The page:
McConnell Won’t Blame Trump For Losing Georgia Senate Seats, Confirms He Will Support 2024 Nominee

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Virginia Kruta Associate Editor
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Senate Minority Leader Mitch McConnell stopped short of blaming former President Donald Trump for losing both Georgia Senate seats.

McConnell spoke Thursday with Fox News anchor Bret Baier and, after refusing to weigh in on Trump’s more recent activities, confirmed that he would support the 2024 Republican nominee — whoever it might be. (RELATED: Trump Advisers Say The Former President Will Circle The GOP Wagons One Month After Leaving The White House)


Baier began by playing a clip of McConnell speaking on the Senate floor, criticizing Trump’s behavior after the 2020 presidential election and leading up to the January 6 riot on Capitol Hill.

McConnell said that he believed it was time to move forward, and immediately pivoted to President Joe Biden.

“I want to say this about the president, having chosen the progressive route, he certainly made it a lot easier for me to unify my members in opposition,” he said.

Baier turned the topic back to Trump, referencing the former president’s statement criticizing McConnell. “When you read that what was your reaction?” Baier asked.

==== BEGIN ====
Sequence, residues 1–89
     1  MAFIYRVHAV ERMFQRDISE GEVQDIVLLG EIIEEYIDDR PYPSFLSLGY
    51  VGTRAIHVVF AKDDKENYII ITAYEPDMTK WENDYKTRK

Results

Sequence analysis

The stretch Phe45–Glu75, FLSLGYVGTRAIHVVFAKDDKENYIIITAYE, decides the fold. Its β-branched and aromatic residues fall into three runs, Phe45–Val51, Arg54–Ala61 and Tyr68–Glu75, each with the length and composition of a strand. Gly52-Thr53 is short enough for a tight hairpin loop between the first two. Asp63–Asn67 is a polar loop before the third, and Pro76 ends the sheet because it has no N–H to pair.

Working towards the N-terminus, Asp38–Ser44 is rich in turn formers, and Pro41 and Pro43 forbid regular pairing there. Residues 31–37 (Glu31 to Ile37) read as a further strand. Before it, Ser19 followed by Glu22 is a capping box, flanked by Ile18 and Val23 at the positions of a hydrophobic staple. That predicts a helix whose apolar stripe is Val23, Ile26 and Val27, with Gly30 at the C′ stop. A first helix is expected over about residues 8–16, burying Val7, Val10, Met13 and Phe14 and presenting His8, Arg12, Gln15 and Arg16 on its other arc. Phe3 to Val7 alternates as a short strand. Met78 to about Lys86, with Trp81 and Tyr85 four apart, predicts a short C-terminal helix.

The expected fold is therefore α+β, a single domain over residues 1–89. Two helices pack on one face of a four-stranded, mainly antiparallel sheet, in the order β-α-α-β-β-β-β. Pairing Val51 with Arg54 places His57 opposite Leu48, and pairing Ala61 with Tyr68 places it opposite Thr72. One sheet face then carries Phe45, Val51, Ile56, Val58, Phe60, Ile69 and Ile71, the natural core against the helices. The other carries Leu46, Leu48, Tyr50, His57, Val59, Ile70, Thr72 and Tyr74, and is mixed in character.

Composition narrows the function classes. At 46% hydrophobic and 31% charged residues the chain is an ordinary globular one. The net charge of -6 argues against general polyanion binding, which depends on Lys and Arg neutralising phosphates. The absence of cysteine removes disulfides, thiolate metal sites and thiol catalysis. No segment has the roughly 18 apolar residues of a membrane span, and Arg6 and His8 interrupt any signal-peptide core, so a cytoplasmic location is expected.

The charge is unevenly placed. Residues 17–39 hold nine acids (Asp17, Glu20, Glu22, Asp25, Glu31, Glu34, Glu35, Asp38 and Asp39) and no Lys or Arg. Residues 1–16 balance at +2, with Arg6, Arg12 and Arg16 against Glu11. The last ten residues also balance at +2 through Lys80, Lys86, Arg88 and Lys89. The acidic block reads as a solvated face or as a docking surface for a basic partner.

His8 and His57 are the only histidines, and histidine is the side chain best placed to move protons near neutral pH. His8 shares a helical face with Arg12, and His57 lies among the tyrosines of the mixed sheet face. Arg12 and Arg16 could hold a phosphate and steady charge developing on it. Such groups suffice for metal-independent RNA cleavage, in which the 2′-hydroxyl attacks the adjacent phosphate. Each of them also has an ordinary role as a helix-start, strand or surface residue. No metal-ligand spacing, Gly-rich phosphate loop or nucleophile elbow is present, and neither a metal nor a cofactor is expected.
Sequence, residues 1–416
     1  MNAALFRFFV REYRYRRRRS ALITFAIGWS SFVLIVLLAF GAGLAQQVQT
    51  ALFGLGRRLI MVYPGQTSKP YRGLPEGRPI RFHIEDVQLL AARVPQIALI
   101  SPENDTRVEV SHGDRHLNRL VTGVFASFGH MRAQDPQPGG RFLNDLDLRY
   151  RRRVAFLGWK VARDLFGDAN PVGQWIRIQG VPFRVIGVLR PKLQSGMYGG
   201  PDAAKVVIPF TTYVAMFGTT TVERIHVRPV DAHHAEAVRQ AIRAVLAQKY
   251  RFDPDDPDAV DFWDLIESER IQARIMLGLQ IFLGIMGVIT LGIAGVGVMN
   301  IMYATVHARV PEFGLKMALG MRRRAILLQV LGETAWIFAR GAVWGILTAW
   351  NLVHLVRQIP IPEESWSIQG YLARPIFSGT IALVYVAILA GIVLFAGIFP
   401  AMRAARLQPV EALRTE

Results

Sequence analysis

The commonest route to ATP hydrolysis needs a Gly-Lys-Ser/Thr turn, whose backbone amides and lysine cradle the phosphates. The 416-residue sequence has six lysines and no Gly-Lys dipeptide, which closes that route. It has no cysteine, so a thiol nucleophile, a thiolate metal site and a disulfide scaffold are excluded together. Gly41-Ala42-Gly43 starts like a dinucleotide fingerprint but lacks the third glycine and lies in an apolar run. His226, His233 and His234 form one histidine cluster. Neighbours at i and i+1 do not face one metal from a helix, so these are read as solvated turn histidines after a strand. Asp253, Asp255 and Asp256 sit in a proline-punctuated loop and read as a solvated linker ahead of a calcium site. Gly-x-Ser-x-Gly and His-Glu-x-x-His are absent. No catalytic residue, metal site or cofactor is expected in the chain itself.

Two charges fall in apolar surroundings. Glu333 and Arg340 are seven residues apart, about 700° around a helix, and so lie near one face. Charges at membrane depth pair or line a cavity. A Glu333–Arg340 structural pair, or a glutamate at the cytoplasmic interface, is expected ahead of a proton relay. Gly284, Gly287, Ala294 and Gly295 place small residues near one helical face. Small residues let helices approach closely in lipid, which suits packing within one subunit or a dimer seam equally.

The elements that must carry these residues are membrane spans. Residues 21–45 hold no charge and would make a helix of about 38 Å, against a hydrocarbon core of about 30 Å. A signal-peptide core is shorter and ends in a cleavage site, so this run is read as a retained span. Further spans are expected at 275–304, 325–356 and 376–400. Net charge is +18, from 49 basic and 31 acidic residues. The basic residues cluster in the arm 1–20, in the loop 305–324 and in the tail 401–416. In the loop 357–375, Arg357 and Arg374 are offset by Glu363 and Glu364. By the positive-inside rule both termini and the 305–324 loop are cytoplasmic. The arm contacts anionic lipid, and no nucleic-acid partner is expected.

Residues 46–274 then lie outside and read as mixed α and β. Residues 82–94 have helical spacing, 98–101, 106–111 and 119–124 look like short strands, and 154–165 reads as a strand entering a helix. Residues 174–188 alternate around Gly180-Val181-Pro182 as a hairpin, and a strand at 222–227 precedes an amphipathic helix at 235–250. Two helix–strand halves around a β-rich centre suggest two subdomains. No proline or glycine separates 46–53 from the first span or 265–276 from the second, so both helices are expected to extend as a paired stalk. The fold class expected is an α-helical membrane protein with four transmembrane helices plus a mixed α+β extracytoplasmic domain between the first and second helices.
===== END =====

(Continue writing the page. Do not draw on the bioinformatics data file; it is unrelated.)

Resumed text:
McConnell pushed back, saying that the Republican Party was in good shape and touting the fact that Republicans had gained House seats and “elected 50 Republican senators when everybody predicted we were going to lose the Senate.”

“Do you blame the former president for losing the two Georgia Senate seats?” Baier asked.

“I don’t have any further observations to make about that. We’re looking forward,” McConnell replied.

Baier tried a different approach, asking whether McConnell thought that Trump should be speaking at the Conservative Political Action Conference (CPAC).

“I don’t have any advice to give the former president about where he should speak or what he should say,” McConnell continued, dodging the subject of Trump.

“Is there a civil war in the GOP?” Baier asked.

“No, I think if you’re looking for a real civil war, look at the Democrats,” McConnell said, again pivoting to the Democratic Party, arguing the progressives were likely to make it difficult for House Speaker Nancy Pelosi to get much done.

Baier concluded by bringing up the 2024 presidential race and noting that a number of Republicans believed Trump would be the nominee.

McConnell hinted he knew of at least four senators who were thinking of running, saying that he saw the race as “wide open.”

“If the president was the party’s nominee, would you support him?” Baier asked.

“The nominee of the party, absolutely,” McConnell confirmed.